I was also impressed with how activities were setup in the Montessori way. I learnt from A’s teachers that in Montessori terminology, activities are called “jobs”. A “job” consists of everything required to complete an activity from start (including selection and set-up) to finish (including cleanup). The jobs are setup in small trays or bins, and placed at a child’s height level. For example, when my daughter was in the “toddler room” one of the jobs was to pour water from one small beaker to another. This job, obviously, involves some spills and messes when performed by a 2 year old. The tray also had a small cloth, and children learnt to clean up their own spills! This ensured that children learnt complete ownership in all their activities, and also developed discipline to keep their surroundings clean.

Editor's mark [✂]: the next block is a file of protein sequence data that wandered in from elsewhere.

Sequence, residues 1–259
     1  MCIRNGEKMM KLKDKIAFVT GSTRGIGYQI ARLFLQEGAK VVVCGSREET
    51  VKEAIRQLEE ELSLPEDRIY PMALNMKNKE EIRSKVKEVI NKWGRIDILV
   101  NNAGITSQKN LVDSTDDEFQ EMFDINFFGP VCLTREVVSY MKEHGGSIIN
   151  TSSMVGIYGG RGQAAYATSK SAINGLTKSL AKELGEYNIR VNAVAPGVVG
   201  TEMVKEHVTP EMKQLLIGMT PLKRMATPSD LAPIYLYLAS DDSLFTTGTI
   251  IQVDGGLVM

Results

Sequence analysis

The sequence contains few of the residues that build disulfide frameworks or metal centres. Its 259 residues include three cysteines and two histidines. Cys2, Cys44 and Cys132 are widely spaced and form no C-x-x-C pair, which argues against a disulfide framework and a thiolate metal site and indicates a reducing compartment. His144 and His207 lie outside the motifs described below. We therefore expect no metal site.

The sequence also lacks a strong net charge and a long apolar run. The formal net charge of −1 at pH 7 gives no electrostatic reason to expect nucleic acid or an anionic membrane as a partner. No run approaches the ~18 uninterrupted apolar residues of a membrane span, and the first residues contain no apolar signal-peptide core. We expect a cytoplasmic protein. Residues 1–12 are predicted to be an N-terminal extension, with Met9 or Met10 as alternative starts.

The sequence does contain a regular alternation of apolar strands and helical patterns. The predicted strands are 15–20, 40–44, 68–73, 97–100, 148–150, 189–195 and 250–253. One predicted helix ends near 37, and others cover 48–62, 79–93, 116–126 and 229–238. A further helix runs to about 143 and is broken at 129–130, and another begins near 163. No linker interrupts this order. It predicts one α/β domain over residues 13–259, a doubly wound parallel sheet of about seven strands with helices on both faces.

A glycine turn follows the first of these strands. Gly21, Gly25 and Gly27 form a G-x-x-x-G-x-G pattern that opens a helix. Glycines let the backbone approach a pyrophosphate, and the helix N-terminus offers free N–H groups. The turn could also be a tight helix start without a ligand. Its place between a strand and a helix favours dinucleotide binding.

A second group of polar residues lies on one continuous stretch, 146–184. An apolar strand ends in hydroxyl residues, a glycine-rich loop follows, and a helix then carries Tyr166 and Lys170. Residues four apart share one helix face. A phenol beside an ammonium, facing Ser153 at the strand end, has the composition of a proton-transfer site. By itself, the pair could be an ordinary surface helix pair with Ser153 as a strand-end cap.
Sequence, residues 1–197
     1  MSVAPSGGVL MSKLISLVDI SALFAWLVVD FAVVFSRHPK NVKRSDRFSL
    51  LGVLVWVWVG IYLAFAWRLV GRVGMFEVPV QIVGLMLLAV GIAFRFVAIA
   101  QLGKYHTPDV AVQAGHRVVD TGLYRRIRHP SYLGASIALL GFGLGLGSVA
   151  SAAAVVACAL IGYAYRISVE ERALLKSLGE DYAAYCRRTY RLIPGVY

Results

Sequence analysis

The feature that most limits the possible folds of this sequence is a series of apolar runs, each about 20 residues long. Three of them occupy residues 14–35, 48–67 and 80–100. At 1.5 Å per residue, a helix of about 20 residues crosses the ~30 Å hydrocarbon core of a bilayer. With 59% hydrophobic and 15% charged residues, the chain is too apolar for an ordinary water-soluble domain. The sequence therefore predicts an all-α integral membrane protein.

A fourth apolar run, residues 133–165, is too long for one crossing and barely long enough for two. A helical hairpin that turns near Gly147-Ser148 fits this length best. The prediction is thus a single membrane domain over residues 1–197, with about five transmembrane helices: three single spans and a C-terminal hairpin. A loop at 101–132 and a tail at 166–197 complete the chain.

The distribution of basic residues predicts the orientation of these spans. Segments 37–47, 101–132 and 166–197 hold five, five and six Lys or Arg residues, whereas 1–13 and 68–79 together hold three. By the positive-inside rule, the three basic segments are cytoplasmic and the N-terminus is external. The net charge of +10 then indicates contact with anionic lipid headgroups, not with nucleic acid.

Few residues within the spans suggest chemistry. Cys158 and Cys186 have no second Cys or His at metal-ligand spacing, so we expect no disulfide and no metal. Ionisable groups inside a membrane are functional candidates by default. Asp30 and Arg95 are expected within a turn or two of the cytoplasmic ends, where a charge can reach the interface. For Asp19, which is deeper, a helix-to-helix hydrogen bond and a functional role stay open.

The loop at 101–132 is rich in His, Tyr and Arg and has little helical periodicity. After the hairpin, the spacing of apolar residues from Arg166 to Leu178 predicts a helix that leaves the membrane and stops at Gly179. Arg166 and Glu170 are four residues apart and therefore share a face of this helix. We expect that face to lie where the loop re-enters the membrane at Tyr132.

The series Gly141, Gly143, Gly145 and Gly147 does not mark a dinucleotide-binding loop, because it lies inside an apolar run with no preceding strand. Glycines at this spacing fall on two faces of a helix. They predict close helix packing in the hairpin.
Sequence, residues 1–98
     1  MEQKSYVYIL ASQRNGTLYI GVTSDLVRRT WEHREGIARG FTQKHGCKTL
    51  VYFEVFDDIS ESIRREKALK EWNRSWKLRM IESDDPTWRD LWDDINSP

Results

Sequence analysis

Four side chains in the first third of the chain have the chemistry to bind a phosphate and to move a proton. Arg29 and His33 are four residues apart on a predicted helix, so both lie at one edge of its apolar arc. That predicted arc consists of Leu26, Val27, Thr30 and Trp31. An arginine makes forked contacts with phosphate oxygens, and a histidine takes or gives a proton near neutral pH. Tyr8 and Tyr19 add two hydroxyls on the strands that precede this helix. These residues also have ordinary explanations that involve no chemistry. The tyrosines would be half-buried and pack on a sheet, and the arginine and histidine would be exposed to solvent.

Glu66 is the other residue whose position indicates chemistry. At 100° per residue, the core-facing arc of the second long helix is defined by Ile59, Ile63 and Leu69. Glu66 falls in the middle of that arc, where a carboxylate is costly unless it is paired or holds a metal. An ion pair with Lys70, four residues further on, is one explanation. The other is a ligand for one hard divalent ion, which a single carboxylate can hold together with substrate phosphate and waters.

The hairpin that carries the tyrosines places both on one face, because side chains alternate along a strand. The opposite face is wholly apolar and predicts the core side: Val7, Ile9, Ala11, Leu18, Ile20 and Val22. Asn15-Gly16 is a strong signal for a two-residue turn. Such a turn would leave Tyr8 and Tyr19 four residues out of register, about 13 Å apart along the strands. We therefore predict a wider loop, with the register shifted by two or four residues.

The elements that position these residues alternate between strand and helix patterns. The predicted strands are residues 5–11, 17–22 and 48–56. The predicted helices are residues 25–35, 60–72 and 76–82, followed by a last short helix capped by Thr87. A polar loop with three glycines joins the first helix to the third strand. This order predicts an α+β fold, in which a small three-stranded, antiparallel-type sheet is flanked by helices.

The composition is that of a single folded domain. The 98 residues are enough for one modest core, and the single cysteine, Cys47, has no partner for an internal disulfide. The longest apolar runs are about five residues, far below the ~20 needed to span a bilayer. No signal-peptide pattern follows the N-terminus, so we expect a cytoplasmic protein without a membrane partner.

This sense of ownership and discipline prevails in all things Montessori. Montessori rooms are designed for children – safe spaces, items placed at convenient heights, enabling children to be independent and allowing them to explore without restrictions. With this, children also develop a sense of responsibility such as cleaning up after themselves and organization.

It has been a year since my daughter started her Montessori education, and I have found a sea change. I have also found that for Montessori to be as effective as possible, one needs to comprehend that Montessori is a philosophy and not a curriculum, believe in it, and implement it outside of school as well. In the past year, we have worked on incorporating many Montessori practices in our day-to-day life and found that it has made it a world of difference. In a series of posts, I will be describing the ways in which we have started leading a Montessori life. Stay tuned for more!